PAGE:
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On the html5shiv Google Code page the example usage includes an IE conditional:

<!--[if lt IE 9]>
    <script src="dist/html5shiv.js"></script>

However on the html5shiv github page, the description explains:

This script is the defacto way to enable use of HTML5 sectioning elements in legacy Internet Explorer, as well as default HTML5 styling in Internet Explorer 6 - 9, Safari 4.x (and iPhone 3.x), and Firefox 3.x.

An obvious contradiction. So to satisfy my curiosity, for anyone who has studied the code, are there any adverse side affects to loading html5shiv in every browser (without the IE conditional)?

EDIT: My goal, obviously, is to use the shiv without the IE conditional.

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migrated from Oct 5 '12 at 16:06

This question came from our site for pro webmasters.

up vote 4 down vote accepted

I think that conditional comment on googlecode's page (updated probably more than a year ago) is because IE8 and below need a javascript trick to allow css styling of HTML5 elements.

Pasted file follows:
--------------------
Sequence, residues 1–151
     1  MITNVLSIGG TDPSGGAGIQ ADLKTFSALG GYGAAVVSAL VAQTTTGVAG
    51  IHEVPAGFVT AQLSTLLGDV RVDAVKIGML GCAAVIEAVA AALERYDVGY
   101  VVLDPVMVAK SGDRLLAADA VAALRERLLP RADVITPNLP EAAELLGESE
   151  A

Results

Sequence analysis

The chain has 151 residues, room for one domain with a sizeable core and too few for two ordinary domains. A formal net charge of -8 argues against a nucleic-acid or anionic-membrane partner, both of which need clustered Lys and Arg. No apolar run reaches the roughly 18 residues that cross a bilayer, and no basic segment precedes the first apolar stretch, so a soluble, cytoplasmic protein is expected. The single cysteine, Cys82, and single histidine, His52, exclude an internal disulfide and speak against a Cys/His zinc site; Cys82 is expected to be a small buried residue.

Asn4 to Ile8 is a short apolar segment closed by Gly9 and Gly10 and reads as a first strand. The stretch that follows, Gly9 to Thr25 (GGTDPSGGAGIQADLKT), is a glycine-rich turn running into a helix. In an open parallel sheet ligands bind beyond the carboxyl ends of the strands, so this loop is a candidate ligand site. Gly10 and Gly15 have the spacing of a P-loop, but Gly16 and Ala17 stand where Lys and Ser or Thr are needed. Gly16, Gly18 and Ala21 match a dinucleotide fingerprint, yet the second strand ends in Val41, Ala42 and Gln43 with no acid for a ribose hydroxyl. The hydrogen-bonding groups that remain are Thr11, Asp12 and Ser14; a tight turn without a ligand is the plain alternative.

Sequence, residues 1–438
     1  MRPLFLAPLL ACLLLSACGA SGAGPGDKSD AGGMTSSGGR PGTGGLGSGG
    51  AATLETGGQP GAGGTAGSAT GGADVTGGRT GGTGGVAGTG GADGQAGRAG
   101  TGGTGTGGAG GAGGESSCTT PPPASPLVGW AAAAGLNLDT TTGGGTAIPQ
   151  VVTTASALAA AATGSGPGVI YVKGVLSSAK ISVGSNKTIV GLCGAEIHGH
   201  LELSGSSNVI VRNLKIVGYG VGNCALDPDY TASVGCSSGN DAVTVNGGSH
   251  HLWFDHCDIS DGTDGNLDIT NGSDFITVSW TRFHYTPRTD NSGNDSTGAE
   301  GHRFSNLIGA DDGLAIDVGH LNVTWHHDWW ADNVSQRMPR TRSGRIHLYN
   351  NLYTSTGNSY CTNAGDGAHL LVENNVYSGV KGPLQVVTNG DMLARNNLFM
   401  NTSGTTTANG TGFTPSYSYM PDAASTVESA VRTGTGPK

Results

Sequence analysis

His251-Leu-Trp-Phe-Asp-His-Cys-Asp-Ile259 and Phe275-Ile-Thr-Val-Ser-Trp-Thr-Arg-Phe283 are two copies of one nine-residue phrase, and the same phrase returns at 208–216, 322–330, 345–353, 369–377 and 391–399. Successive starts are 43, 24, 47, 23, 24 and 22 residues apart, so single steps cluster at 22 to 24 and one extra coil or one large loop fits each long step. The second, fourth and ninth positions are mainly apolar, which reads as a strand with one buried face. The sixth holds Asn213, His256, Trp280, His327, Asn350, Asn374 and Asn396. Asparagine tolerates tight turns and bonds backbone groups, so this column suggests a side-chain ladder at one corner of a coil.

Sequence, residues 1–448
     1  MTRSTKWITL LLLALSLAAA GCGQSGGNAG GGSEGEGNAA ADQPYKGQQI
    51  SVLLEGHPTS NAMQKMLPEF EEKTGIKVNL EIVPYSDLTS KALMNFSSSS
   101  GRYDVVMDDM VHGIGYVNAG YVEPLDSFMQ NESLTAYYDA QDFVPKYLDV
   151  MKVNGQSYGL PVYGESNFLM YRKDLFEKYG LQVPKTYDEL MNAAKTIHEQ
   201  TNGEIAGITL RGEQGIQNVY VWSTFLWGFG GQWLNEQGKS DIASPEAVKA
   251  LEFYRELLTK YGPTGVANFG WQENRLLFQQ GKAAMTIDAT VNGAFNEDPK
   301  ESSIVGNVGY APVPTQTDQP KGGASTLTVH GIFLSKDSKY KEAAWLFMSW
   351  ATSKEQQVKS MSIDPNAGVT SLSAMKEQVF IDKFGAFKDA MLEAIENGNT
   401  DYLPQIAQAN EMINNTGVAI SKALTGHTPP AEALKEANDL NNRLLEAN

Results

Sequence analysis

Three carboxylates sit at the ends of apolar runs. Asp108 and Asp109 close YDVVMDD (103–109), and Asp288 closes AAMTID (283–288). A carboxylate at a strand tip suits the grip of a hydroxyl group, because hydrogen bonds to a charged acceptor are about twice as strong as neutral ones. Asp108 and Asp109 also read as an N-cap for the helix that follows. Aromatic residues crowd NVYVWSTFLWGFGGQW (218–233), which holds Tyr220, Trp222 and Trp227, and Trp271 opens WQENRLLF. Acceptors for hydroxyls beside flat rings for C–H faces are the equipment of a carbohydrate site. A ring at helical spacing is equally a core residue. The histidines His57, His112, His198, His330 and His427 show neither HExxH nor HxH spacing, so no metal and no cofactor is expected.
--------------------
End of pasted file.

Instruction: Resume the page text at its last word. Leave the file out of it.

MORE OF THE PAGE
FF4, Safari 4, Opera 11 and below just don't apply display:block as default to "unknown" elements, but you only need a CSS reset to change this behaviour.

What html5shiv does on these browsers is just to add a <style> at the beginning of <head>, similar to this one:

article, aside, details, figcaption, figure, 
footer, header, hgroup, menu, nav, section {
    display: block;


So, it should not give any side effect, because these rules can be overwritten by successive declarations.

As long as you add that rule on top of your main CSS file, it's ok to conditionally include html5shiv for IE only, you'll save an http request.

If you want your html5 website to be compatible with FF2 too (if so, you're a maniac), check this tutorial.

OP discovered html5shiv already provides a fallback for FF2 !

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Thanks. For anyone interested, html5shiv also solves the FF2 problem as long as the client has JavaScript enabled in their UA. – Jeff Oct 6 '12 at 9:16
Thanks @Jeff, i didn't know it! They should write it in their GitHub :) – Giona Oct 6 '12 at 9:41
If that's all html5shiv does, why not just add the block to your main CSS file and be done with it? If your site is browsed to by ancient browser, it helps, and if they use a modern browser, it won't do any harm. Right? – B. Clay Shannon Jun 14 '13 at 18:42
@ClayShannon html5shiv provides a javascript fallback required for IE8, so these css lines aren't enough to guarantee a full cross-browser compatibility. Until IE8 becomes extinct ;-) – Giona Jun 14 '13 at 23:32

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